River Sihl from Tamedia’s sixth floor roof terrace and upriver at the Sihlpost dam - Photos Left, Shigeru Ban Right, WWF Switzerland

Tamedia decided to rein in the direction, abandoning the high-rise trajectory, and to start anew with a design that kept to an average six storey height. The new design thinking envisaged the replacement building slotting into the same footprint of the existing building but doing so in a different way to the heavy stone edifices familiar across central Zurich. What if a glass façade, highlighting lightness and transparency, were an option? As it was, Supino had already been making the case for a different approach. "He wanted the right architect for the company because of outstanding work," says Simon Wacker, Itten+Brechbuehl project architect. And he had an idea of who he wanted to do this outstanding project: Shigeru Ban.

The temporary Shigeru Ban office on
the side of the Pompidou Centre, Paris
– Image Shigeru Ban Architects

Supino had seen both the planned Metz Pompidou Centre and the small bamboo temporary office installed on the sixth floor of the Pompidou Paris mothership one day while in Paris and had been much taken with Ban’s relatively off-centre approach. The two began talking, with Ban receptive to the glass palace path, though one with an additional novel element: the structural bones holding the palace up, he proposed, could be in timber.

How very different this would be in a city of stone. Not only the glass palace but - as there was next to no major timber office building tradition in Zurich - there were no appropriate regulations. Any design would need to take this into consideration. Which is why, some months later, when Ban and his Swiss timber engineer guru, Hermann Blumer, unveiled the timber frame skeleton which was to hold the Tamedia Centre up, the glulam posts and beams not only looked like, but actually were, great hefty oversized chunks of timber. The result is a timber system which is at odds with the architectural world’s oft-held desire to achieve structural elements which are as thin and minimal as possible. The system here looks something like it has been put together like chunky Lego-type cellulose members. But these bulky pieces of timber mask the subtlety and intelligence of the timber system that Blumer has brought to bear with the project.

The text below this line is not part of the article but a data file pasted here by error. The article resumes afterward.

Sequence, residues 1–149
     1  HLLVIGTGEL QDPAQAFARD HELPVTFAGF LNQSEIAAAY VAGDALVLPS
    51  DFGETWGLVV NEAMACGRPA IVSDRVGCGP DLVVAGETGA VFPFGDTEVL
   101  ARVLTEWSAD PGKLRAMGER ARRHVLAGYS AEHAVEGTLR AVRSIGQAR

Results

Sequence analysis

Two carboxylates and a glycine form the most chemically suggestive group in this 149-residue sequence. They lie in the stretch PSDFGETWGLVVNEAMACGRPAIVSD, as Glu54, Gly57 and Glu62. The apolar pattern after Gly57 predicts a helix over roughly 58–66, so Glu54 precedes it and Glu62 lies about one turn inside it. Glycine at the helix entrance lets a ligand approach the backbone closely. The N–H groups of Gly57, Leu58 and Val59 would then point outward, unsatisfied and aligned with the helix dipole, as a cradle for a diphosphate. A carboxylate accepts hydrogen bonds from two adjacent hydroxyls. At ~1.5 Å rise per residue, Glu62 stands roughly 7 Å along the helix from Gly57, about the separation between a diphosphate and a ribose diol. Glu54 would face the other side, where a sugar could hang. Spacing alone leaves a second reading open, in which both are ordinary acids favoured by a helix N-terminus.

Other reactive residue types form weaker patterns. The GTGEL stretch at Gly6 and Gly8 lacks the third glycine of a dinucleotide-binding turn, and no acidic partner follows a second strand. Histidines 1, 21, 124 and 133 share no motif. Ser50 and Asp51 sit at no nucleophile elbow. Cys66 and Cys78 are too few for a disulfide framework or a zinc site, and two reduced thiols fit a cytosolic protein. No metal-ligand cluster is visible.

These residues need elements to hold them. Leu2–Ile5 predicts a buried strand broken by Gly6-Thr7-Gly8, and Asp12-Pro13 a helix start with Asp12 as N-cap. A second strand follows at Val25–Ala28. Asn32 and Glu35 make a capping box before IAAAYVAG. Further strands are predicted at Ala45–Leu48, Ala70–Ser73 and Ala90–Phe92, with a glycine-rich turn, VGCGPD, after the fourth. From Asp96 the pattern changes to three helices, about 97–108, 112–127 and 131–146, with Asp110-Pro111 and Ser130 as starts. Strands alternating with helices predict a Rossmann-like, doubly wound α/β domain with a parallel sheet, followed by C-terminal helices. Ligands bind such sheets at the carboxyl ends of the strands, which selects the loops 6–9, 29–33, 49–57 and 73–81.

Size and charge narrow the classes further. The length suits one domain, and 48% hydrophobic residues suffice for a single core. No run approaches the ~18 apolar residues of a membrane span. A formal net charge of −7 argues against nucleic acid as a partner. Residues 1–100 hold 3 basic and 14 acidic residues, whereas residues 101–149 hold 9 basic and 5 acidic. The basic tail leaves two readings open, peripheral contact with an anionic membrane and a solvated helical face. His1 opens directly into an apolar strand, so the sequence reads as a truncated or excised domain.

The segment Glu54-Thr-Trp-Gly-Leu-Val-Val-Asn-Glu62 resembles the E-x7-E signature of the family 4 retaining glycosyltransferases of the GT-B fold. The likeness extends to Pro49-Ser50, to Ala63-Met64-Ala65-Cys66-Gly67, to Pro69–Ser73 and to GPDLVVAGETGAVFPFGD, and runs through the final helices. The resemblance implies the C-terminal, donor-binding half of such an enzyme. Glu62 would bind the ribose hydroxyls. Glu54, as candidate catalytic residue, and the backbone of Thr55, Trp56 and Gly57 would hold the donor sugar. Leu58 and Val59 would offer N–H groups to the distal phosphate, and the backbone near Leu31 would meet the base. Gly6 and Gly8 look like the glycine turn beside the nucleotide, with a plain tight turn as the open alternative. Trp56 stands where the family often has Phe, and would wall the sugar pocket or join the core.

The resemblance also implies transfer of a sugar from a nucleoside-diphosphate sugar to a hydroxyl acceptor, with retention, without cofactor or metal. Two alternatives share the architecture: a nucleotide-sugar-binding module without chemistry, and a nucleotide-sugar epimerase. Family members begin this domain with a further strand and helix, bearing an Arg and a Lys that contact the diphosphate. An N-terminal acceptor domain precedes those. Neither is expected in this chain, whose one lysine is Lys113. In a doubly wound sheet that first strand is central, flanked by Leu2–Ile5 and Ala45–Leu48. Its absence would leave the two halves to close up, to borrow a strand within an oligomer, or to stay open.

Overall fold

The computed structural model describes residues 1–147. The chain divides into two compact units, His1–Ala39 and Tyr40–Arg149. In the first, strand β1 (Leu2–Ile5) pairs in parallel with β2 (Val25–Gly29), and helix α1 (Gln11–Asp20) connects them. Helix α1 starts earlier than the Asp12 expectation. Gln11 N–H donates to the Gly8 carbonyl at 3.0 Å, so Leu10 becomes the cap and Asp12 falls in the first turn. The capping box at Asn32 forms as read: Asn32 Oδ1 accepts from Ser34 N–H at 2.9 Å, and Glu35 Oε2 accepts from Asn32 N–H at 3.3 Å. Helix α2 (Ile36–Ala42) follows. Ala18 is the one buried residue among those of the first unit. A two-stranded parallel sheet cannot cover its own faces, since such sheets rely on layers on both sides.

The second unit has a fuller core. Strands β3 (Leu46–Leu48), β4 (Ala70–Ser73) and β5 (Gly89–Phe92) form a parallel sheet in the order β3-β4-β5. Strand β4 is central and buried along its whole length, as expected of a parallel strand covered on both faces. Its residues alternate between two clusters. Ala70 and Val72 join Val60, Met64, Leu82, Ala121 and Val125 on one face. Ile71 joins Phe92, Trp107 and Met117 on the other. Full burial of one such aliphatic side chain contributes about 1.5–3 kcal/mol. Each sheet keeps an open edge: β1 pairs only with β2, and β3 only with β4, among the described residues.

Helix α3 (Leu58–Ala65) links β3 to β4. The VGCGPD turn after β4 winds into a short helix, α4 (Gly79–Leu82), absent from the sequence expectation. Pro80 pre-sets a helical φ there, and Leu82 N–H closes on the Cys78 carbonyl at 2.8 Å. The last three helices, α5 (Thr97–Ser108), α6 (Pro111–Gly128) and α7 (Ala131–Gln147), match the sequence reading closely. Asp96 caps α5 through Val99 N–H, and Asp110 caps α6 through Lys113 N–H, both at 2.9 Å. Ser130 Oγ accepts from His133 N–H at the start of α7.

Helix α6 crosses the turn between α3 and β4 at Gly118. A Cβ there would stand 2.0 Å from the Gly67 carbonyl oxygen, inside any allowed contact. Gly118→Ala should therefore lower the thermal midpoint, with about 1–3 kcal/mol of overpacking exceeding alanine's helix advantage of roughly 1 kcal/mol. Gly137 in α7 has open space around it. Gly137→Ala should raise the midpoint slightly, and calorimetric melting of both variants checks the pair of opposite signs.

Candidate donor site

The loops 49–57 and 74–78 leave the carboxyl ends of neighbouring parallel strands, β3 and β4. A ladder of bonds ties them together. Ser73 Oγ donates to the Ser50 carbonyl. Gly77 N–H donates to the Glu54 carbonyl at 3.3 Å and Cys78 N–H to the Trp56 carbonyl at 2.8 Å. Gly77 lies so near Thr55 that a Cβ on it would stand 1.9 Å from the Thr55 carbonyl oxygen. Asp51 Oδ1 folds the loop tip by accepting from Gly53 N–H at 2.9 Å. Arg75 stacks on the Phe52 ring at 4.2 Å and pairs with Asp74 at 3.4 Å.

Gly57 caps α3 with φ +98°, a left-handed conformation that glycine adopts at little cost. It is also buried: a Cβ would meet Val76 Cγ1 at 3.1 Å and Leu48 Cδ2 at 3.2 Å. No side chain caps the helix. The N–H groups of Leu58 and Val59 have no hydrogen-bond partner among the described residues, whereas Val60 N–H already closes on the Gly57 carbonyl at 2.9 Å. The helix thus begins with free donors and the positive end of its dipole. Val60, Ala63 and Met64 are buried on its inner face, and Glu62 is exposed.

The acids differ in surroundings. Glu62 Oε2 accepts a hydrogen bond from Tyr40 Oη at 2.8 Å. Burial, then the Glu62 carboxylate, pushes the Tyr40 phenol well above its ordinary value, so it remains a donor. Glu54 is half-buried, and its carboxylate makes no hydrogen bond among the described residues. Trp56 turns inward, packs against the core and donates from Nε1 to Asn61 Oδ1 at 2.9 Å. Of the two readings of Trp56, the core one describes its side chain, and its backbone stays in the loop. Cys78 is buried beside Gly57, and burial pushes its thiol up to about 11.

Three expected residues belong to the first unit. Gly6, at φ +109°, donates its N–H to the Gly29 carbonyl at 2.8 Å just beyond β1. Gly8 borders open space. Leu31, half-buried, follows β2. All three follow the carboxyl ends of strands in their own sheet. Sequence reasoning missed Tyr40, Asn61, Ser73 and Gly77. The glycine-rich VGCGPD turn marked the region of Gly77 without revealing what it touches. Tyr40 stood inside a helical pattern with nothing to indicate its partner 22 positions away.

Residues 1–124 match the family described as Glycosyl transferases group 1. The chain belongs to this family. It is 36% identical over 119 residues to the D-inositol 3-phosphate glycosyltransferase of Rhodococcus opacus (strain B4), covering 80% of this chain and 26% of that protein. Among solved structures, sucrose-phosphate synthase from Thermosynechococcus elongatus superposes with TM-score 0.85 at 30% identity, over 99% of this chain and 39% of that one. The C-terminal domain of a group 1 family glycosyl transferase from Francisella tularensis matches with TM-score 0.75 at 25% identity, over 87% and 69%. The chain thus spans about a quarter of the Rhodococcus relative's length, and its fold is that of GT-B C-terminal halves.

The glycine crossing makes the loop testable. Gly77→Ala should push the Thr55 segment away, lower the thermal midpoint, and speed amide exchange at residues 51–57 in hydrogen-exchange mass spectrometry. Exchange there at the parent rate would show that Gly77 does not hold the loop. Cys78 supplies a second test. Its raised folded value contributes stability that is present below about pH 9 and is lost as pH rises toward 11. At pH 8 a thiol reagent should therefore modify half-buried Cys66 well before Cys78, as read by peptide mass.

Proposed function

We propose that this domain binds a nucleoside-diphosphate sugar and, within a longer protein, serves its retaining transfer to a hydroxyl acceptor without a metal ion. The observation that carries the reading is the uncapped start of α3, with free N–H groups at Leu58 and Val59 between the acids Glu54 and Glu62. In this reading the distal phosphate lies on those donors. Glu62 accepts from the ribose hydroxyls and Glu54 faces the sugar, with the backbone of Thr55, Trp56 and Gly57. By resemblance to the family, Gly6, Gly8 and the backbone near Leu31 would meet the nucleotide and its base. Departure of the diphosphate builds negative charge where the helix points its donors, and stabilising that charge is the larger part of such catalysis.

Tamedia front and foyer – Photos Shigeru Ban Architects

For passing pedestrians, the glass façade enables the curious to peer in and spy the tall timber columns climbing up from ground level. From some distance the timber also stands out, encased in its glass box. Sited at a street junction, with the HQ’s entrance at the front, the building’s V-wing footprint widens along the rim of the two diverging roads. On the near side, the Tamedia Centre looks out over the immediate street, across the Sihl River’s tributary channel on its way to join Zurich’s main river Limmat, and eastwards towards the city’s central built-up island area. On its far face, the road peels away in the direction of the Wiedikon district. In effect an isosceles triangle, with the foyer entrance at its sharp-angle head, the glass façade was initially publicized as a completely transparent space, accessible and appealing to the passerby. In reality, it doesn’t turn out to be quite the same thing, although promotional photographs of the entire building lit up at night makes a good fist of projecting the empty luminescent interior in some style.

Tamedia front and foyer – Photos Shigeru Ban Architects